Fast forward to King David’s time. The Ark remained the most sacred item in the Israelite inventory. They honored it. They thanked God for it. They kept their eyes on it. Seeing the Ark, the Israelites saw the glory of God. There was confidence in its presence. So long as they kept their eyes on God, followed Him, obeyed Him, the glory remained. Turn their back however, and God’s warning would prevail. The glory would be removed. And so it happened. In their rebellion and disobedience they lost God’s blessing. In an encounter with one of their enemies—the Philistines—God allowed the Ark of the Covenant to be captured. Israel fell into dismay and disarray.
Dave became king. Unlike the previous king, Saul, Dave walked with God. His leadership produced victories and growth. Ultimately, during one of these victories, the Ark of the Covenant was returned (2 Samuel 6:12-15). Read the entire account and you will see that Dave was thrilled with the knowledge that the Ark could only have been restored by God’s power and favor. He knew the blessing had returned. He found the joy of the Lord knowing God found favor with him.
Dave understood that God is the most High King and no other king stands before Him. Dave knew that God is also the Master of the universe and therefore the Creator of all. God is the Creator of life and of joy. He uses the joy of His children as a way to show Himself to this world. So, David led a parade into the great city. Stripped down to his drawers, he danced before the Lord leading the Ark of the Covenant back to its proper place. It was a celebration. How could he not break forth with joy? His God, your God—if you know Christ Jesus—is good. Real good. David knew that anything and everything good, here and later, comes from the Lord. When His followers, then and now, find themselves in Him, their joy—His joy—shines to all the world.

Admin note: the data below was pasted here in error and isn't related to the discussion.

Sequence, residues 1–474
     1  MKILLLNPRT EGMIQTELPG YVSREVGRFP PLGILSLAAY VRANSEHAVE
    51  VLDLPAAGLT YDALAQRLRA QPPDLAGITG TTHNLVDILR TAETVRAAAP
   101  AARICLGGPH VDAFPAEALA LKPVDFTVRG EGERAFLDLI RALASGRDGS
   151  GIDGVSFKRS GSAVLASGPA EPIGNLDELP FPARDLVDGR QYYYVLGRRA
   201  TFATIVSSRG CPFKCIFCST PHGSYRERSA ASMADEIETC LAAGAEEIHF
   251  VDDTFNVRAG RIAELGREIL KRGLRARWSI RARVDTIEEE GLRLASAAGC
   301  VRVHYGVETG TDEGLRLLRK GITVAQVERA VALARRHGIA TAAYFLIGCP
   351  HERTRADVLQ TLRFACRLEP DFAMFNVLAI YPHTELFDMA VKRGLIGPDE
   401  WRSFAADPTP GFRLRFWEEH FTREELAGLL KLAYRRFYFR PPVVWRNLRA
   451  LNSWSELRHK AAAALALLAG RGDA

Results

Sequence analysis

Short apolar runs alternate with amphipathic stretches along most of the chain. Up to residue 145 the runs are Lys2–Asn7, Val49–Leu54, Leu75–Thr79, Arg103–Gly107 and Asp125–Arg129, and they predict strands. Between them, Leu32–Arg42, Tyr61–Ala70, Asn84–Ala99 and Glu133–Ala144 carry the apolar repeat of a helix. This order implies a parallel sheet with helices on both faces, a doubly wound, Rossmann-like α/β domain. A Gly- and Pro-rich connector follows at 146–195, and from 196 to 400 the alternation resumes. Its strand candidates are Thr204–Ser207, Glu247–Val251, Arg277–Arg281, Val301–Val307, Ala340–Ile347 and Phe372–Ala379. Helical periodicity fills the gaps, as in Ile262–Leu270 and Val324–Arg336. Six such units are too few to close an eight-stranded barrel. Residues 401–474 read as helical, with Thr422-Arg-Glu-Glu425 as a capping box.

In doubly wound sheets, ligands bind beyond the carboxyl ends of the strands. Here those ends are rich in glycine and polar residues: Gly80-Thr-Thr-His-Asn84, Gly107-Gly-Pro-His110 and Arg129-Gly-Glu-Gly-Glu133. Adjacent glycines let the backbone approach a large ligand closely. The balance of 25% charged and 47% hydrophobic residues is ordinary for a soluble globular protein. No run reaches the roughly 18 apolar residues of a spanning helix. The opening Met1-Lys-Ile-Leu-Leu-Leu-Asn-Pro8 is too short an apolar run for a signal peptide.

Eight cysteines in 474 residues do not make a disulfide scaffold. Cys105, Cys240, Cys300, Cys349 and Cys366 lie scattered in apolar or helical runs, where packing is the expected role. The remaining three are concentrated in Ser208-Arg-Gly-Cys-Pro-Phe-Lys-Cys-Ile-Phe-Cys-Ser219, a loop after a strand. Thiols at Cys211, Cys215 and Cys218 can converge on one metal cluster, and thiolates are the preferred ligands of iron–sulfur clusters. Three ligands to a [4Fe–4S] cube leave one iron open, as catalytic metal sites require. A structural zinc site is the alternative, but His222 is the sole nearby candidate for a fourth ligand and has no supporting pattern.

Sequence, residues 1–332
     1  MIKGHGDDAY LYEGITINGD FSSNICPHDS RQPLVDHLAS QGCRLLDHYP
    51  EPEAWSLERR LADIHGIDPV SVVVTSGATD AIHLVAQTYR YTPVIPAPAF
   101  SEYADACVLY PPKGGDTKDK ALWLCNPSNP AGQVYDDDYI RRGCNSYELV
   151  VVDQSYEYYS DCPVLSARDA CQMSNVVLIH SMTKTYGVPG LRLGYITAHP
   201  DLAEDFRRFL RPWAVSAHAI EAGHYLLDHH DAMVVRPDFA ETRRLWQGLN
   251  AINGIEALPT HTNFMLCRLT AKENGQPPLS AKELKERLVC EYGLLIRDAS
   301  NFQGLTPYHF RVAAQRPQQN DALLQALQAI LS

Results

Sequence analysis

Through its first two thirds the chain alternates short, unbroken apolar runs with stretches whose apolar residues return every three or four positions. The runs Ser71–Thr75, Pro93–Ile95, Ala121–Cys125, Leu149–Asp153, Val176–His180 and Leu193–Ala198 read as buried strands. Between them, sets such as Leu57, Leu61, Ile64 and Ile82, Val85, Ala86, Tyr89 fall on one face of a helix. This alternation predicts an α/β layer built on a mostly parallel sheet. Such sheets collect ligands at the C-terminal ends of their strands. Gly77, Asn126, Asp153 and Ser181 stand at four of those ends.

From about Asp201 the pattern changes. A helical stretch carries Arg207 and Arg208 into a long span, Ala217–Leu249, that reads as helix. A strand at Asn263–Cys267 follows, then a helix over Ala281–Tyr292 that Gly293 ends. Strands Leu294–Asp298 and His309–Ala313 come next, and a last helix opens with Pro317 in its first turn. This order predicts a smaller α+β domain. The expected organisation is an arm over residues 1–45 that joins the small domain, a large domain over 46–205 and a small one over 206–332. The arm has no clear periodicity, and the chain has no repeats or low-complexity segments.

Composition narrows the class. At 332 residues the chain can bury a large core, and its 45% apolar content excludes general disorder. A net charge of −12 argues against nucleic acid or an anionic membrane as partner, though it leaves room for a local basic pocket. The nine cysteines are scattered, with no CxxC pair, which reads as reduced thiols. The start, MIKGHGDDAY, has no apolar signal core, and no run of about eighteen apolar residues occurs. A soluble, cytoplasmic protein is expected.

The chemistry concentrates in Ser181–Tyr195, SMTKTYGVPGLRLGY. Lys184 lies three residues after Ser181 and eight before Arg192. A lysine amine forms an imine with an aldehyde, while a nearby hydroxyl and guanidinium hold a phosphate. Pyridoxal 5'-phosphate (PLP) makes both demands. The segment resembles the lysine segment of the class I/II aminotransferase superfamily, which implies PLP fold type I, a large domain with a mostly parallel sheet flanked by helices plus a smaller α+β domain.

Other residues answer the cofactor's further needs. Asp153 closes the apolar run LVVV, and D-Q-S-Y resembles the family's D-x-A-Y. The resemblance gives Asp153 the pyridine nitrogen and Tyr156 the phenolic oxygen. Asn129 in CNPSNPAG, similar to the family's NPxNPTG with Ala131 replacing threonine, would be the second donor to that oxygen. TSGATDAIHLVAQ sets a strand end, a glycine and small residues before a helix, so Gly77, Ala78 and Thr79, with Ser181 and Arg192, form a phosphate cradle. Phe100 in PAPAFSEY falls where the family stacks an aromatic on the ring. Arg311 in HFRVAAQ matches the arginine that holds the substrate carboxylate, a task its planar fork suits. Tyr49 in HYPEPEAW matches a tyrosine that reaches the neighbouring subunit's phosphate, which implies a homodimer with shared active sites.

That’s what I’m getting at. My dad, just goofing off, let God shine through him. In a moment of pure silliness his thoughts ran to God. It was like that with Dave. I don’t think he spent much time thinking over his actions. He just exploded with joy. He sang. He danced. With joy, he pointed people to God.
Telling people about the Savior isn’t that hard when all you have to do is let the joy of the Lord flow. It might not be natural for you and I…yet. But that’s okay. I’m thinking about it. Trying it. And reading this, now you’re thinking about it. So now let’s pray more about it. Wonder more about it. Talk more about it. Let’s try living more with it. I bet we can become ahappy-go-lucky Christian faster than we can become an accomplished Christian like Billy Graham or Mother Teresa. Let’s just unleash our joy.
The Apostle Pete wrote in his first letter, “Though you have not seen Him, you love Him. Though you do not now see Him, you believe in Him and rejoice with joy that is inexpressible and filled with glory, for you are receiving the goal of your faith, the salvation of your souls” (1 Peter 1:8,9). Just a short bit later, he wrote, “Even angels long to look into these things.” Sweet beans, I say. Now that’s something worth getting excited about.